Tolkien Gateway

Letter 187

The Letters of J.R.R. Tolkien
Letter 187
RecipientH. Cotton Minchin
DateUndated, April 1956 – Written at the top: "More or less as sent 16 April"
Subject(s)The rushed map for Volume III, the missing volume

Letter 187 is a letter written by J.R.R. Tolkien and published in The Letters of J.R.R. Tolkien. The letter was partially published;[1] for more details about the full letter, see Letter to H. Cotton Minchin (16 April 1956).

[edit] Summary

As research students always discover, said Tolkien, however long they are allowed and careful their work, there is always a rush at the end. So it was with The Lord of the Rings and the maps. His son, the C.T or C.J.R.T of modest initials, was called in. Neither had had an entirely free hand. When it became apparent that the "general map" was insufficient for the final Book, Tolkien devoted many days (the last three virtually without food or sleep) to re-scale the large map and then Christopher worked 24 hours straight to produce the final map just in time. Inconsistent spelling was due to Tolkien, who had decided, for consistency, to spell Elvish names with a 'C' rather than a 'K' even though his son insisted that no one would ever pronounce Cirith correctly.

To Tolkien and his son the most absorbing interest was Elvish tongues, nomenclature based on them, and the alphabets. He had planned a "specialist volume" which would be largely linguistic, having an index of names with etymological interpretations that would provide a large Elvish vocabulary. He had worked at it for months until it was clear that its size and cost would be ruinous. The “production department” also cut out his "facsimiles" of the three pages of the Book of Mazarbul, without which the opening of Book Two, Chapter 5[2] was defective and made the Runes of the Appendices unnecessary.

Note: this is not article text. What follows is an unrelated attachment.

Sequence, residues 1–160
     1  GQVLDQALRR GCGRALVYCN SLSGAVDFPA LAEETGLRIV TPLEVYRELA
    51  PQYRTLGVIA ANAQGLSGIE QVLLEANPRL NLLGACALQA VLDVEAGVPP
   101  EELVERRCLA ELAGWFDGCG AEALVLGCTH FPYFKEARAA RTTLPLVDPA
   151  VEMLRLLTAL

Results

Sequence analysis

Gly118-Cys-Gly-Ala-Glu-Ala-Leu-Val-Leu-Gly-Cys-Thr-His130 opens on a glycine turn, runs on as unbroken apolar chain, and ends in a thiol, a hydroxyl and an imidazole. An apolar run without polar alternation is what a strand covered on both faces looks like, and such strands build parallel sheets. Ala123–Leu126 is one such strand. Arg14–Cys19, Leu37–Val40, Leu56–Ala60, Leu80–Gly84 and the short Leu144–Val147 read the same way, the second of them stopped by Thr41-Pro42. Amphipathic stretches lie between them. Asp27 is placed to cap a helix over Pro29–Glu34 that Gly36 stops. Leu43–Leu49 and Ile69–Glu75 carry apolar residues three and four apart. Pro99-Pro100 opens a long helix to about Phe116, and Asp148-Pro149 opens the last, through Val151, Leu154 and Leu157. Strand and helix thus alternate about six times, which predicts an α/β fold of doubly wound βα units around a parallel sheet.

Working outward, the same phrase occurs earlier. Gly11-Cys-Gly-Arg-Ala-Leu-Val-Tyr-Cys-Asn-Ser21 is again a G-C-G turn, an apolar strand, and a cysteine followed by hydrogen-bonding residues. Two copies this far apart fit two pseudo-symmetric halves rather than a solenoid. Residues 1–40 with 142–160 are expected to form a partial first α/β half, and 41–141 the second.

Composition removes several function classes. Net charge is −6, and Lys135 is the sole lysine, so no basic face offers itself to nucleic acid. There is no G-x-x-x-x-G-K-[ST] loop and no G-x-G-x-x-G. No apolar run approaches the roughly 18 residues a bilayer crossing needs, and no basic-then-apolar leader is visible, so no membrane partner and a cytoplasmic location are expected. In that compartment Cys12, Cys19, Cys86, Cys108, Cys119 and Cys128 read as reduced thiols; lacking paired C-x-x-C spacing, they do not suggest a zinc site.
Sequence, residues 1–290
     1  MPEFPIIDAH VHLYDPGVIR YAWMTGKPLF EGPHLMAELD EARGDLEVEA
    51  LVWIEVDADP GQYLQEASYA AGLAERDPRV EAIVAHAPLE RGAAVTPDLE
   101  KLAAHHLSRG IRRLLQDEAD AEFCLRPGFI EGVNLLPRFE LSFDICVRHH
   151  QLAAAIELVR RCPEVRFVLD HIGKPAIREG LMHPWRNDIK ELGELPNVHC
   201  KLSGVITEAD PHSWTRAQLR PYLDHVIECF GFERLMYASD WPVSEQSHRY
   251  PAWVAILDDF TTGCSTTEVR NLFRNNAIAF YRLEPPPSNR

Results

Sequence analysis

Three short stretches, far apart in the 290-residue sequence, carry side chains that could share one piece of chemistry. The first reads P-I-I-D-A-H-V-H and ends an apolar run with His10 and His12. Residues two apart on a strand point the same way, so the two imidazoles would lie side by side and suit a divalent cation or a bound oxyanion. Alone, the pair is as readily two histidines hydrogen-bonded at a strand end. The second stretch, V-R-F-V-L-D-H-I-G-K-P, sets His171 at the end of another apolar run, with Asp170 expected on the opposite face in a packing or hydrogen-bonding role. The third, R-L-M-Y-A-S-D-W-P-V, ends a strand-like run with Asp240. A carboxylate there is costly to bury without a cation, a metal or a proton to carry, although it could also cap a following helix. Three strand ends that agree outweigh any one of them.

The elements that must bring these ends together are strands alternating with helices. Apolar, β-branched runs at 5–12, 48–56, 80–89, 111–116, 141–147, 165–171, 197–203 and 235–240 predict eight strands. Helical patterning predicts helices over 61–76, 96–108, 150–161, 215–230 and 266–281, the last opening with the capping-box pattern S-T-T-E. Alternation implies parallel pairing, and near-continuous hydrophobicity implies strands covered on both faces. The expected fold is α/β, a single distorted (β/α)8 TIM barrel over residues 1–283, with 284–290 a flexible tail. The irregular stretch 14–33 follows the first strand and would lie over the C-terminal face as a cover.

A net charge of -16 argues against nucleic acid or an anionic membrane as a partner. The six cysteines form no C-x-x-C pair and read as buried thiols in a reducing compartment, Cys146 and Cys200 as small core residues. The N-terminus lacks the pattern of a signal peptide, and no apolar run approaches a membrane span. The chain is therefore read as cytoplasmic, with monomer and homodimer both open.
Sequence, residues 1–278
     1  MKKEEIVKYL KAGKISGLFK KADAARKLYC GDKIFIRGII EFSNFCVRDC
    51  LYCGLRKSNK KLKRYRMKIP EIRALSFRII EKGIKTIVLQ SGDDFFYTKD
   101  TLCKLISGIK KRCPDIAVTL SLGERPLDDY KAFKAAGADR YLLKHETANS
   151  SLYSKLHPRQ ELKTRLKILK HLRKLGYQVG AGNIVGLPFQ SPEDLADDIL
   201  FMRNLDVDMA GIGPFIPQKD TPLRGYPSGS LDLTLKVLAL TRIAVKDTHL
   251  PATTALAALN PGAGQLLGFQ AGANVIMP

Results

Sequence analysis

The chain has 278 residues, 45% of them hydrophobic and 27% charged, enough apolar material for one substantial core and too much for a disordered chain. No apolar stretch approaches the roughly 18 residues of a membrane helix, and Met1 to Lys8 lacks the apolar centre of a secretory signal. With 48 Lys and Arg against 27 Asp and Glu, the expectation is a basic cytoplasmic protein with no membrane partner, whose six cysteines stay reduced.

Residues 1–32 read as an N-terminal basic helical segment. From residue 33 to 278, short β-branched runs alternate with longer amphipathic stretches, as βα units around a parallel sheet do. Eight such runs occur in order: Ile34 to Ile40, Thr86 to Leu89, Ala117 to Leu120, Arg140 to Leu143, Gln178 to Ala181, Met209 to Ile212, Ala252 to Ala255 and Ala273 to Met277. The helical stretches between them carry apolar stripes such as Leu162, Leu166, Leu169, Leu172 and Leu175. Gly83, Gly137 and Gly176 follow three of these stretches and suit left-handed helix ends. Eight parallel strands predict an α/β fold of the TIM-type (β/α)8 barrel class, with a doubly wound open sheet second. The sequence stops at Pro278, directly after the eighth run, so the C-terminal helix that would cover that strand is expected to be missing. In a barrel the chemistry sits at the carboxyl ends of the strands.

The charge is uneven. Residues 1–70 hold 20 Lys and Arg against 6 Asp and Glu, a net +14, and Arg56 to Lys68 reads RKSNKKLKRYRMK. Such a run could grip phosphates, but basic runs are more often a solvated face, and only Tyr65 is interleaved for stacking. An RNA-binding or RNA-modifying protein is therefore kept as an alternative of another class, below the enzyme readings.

Tolkien revealed what many wanted in an extra volume: Minchin wanted maps, others wanted geological indications (more difficult and perilous, said Tolkien, since he had very little knowledge), many wanted Elvish grammars, phonologies, specimens, some wanted metrics and prosodies. Musicians wanted tunes and musical notations. Archaeologists wanted ceramics and metallurgy. Botanists wanted more details of Tolkien's Middle-earth trees and flowers. Historians wanted the social and political structure of Gondor while others wanted information about the Wainriders, the Harad, Dwarvish origins, the Dead Men, Beornings, and the missing wizards. It would be a big volume, said Tolkien.


  1. Christina Scull and Wayne G. Hammond (2006), The J.R.R. Tolkien Companion and Guide: I. Chronology, p. 489
  2. J.R.R. Tolkien, The Lord of the Rings, The Fellowship of the Ring, "The Bridge of Khazad-dûm"